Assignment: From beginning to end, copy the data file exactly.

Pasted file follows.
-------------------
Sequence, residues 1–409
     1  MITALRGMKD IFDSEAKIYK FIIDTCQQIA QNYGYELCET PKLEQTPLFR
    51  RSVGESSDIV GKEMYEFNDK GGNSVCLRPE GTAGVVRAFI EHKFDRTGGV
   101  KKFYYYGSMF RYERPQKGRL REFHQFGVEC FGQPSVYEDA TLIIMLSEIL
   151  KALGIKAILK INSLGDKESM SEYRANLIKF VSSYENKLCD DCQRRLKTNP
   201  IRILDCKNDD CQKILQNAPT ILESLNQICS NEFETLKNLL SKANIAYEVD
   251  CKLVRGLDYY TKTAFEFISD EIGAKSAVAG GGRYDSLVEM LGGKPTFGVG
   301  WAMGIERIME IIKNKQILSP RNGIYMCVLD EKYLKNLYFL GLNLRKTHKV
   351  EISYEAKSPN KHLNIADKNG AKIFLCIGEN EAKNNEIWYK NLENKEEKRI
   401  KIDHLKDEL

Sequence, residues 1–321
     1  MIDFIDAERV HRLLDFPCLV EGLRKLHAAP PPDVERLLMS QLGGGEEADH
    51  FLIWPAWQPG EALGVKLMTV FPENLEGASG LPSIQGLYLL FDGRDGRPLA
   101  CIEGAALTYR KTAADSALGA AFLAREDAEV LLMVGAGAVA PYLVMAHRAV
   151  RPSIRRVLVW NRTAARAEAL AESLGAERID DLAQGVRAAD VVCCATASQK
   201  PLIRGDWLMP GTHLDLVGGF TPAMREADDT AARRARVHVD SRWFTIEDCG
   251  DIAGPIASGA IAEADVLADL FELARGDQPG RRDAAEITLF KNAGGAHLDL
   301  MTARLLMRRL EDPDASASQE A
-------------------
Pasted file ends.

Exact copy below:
Sequence, residues 1–409
     1  MITALRGMKD IFDSEAKIYK FIIDTCQQIA QNYGYELCET PKLEQTPLFR
    51  RSVGESSDIV GKEMYEFNDK GGNSVCLRPE GTAGVVRAFI EHKFDRTGGV
   101  KKFYYYGSMF RYERPQKGRL REFHQFGVEC FGQPSVYEDA TLIIMLSEIL
   151  KALGIKAILK INSLGDKESM SEYRANLIKF VSSYENKLCD DCQRRLKTNP
   201  IRILDCKNDD CQKILQNAPT ILESLNQICS NEFETLKNLL SKANIAYEVD
   251  CKLVRGLDYY TKTAFEFISD EIGAKSAVAG GGRYDSLVEM LGGKPTFGVG
   301  WAMGIERIME IIKNKQILSP RNGIYMCVLD EKYLKNLYFL GLNLRKTHKV
   351  EISYEAKSPN KHLNIADKNG AKIFLCIGEN EAKNNEIWYK NLENKEEKRI
   401  KIDHLKDEL

Sequence, residues 1–321
     1  MIDFIDAERV HRLLDFPCLV EGLRKLHAAP PPDVERLLMS QLGGGEEADH
    51  FLIWPAWQPG EALGVKLMTV FPENLEGASG LPSIQGLYLL FDGRDGRPLA
   101  CIEGAALTYR KTAADSALGA AFLAREDAEV LLMVGAGAVA PYLVMAHRAV
   151  RPSIRRVLVW NRTAARAEAL AESLGAERID DLAQGVRAAD VVCCATASQK
   201  PLIRGDWLMP GTHLDLVGGF TPAMREADDT AARRARVHVD SRWFTIEDCG
   251  DIAGPIASGA IAEADVLADL FELARGDQPG RRDAAEITLF KNAGGAHLDL
   301  MTARLLMRRL EDPDASASQE A